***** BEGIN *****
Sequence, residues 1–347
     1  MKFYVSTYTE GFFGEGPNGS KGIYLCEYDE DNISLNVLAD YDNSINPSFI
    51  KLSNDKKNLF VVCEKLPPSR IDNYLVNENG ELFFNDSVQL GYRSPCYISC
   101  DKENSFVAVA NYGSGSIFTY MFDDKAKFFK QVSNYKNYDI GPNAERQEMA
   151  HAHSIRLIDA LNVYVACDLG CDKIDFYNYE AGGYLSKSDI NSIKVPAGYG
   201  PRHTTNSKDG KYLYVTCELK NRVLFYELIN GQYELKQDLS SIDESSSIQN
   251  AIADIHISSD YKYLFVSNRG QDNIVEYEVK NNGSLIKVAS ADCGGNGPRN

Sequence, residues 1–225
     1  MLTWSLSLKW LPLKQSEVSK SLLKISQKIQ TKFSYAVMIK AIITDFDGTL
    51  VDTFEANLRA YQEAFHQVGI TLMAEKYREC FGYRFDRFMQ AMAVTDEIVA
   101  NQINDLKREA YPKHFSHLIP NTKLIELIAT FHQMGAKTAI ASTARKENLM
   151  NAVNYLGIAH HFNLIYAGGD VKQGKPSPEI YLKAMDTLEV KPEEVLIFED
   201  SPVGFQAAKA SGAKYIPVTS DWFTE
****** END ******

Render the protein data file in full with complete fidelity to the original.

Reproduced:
Sequence, residues 1–347
     1  MKFYVSTYTE GFFGEGPNGS KGIYLCEYDE DNISLNVLAD YDNSINPSFI
    51  KLSNDKKNLF VVCEKLPPSR IDNYLVNENG ELFFNDSVQL GYRSPCYISC
   101  DKENSFVAVA NYGSGSIFTY MFDDKAKFFK QVSNYKNYDI GPNAERQEMA
   151  HAHSIRLIDA LNVYVACDLG CDKIDFYNYE AGGYLSKSDI NSIKVPAGYG
   201  PRHTTNSKDG KYLYVTCELK NRVLFYELIN GQYELKQDLS SIDESSSIQN
   251  AIADIHISSD YKYLFVSNRG QDNIVEYEVK NNGSLIKVAS ADCGGNGPRN

Sequence, residues 1–225
     1  MLTWSLSLKW LPLKQSEVSK SLLKISQKIQ TKFSYAVMIK AIITDFDGTL
    51  VDTFEANLRA YQEAFHQVGI TLMAEKYREC FGYRFDRFMQ AMAVTDEIVA
   101  NQINDLKREA YPKHFSHLIP NTKLIELIAT FHQMGAKTAI ASTARKENLM
   151  NAVNYLGIAH HFNLIYAGGD VKQGKPSPEI YLKAMDTLEV KPEEVLIFED
   201  SPVGFQAAKA SGAKYIPVTS DWFTE